Monday, 13 March 2017

Pressing Matters!

When it comes to electrical appliances that help you become a better quilter, your iron is second only to your sewing machine. As boring as it seems, your ironing technique is critical to the quality of your finished quilt products – the more care you take with your pressing, the better your quilts will be. Embroiderers will tell you that the back of your work should look as neat as the front when it comes to embroidery, and the same can be said for quilting. Even though nobody will see the back of your quilt blocks once they’re in a quilt sandwich, it is important that they are as neat as possible. The reason for this is that it helps the blocks lie as flat as possible, which makes them sit better in the finished quilt and makes the quilting process easier. Of course, like anything with quilting, there are differing opinions on proper pressing techniques – steam or dry?, open or to the side?, press or iron?.... And there are no hard and fast rules, there is a time and a place for all these things.

set up
Let’s begin with your ironing set up. Start with the best iron you can afford. A cheapy from the supermarket isn’t going to perform as well, or last as long as a top quality iron. Look for brands you’ve heard of, the ones who have been making irons for years and treat your iron as a quilting investment. Also choose the biggest, sturdiest ironing board you can find. I like extra wide, and if you can find one that is long enough to fit a full width of fabric on it, you’ll save time. Again, it’s worth spending the money on a quality board. Ironing board covers may need to be replaced fairly regularly, this can be done relatively cheaply. Just pop your new cover straight over the old one for extra padding. There are also some great tutorials online for custom made pressing tables if you’ve got the space. One of my favourite internet hacks was to make a pressing table from a folding TV table – it’s handy to have a portable pressing table you can put next to your machine when you’re piecing blocks and need to press lots of seams.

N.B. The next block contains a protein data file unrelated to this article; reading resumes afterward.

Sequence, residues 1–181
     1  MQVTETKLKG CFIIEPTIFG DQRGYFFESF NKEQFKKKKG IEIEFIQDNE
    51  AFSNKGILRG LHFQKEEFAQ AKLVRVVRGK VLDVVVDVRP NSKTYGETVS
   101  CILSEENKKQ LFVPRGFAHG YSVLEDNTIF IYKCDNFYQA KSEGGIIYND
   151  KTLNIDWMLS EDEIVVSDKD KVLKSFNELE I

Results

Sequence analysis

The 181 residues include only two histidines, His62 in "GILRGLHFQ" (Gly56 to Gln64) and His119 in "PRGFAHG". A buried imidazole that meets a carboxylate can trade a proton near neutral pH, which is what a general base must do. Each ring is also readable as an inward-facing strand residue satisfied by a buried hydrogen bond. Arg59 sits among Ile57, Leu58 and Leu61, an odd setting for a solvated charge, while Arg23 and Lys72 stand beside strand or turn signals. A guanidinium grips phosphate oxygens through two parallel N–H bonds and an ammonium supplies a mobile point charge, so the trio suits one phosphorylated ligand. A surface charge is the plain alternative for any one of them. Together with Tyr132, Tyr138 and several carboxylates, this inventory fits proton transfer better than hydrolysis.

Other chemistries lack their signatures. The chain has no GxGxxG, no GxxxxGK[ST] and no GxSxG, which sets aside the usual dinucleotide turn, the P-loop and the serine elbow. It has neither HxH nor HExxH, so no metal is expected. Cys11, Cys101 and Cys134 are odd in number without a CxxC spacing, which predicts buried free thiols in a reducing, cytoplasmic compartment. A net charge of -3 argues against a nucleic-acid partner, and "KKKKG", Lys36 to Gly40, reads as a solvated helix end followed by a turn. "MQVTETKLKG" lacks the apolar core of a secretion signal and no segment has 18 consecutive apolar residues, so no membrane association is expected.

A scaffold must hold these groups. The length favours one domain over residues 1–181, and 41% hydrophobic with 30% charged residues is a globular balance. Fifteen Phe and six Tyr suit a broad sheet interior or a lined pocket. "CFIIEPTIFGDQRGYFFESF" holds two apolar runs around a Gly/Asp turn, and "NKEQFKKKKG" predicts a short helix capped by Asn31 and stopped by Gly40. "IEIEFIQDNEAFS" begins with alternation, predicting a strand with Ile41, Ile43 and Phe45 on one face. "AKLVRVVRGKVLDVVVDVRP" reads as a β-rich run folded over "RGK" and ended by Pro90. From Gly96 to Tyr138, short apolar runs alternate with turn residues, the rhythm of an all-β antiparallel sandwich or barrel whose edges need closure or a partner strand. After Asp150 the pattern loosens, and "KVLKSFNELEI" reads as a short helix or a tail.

press, don’t iron
The difference between pressing and ironing is critical when quilting. Ironing involves pushing the iron across the fabric, flattening it as you go. Fine for clothing but it can cause distortion with quilt blocks. Pressing involves placing the iron down on a section of fabric, holding it to flatten the area, then lifting it up again and moving to the next area – you are not pushing across the fabric, causing stretch. Occasionally you might iron large pieces of fabric to get creases out of them, but for the most part it is important to press rather than iron.

when to press
In short: all the time. It sounds tedious, but pressing every step of the way yields better results. Ideally, you should press your fabric before you first cut from it (even if it looks pretty good). If you prewash, press it while it’s still slightly damp to get all the creases out. As you’re sewing your blocks, you should set every seam giving it a quick press while still right sides together. Then you should
press your seams flat from the back, either open or to one side. Every time you do a new set of
seams, you should be pressing them in place before you add the next step.

If you need to unpick a seam, reach for the iron again – set the seam flat again before unpicking, and then press it flat after ripping the stitches. And beyond block construction, you should also press all your border and sashing fabrics, as well as your backing fabric. Batting benefits from a good press (this can be done straight on the floor when it’s a quilt sandwich). Press your quilt top well before basting it also. And binding is obviously pressed as it’s being made, but if you also press it over after you’ve sewn it down on one side of the quilt you’ll also get a crisper finish.

starch, steam, dry?
This comes down to personal preference. Some people prefer a steam iron, others like a dry iron with a spray bottle of water handy. Sometimes steam can burn your fingers, particularly when pressing seams open, so this is a good time to reach for the bottle of water. Starch is another personal preference. I love a good spray of starch, particularly with fiddly little blocks and English paper piecing, when I want a really crisp seam. A spray of starch gives a nice finish to any block. Spray your block liberally, then give it a bit of time to air dry, then iron it. One thing to note: starch build up on your iron’s sole plate can transfer to your fabric, causing marks, so it’s important to wipe down your iron regularly.

open or to the side?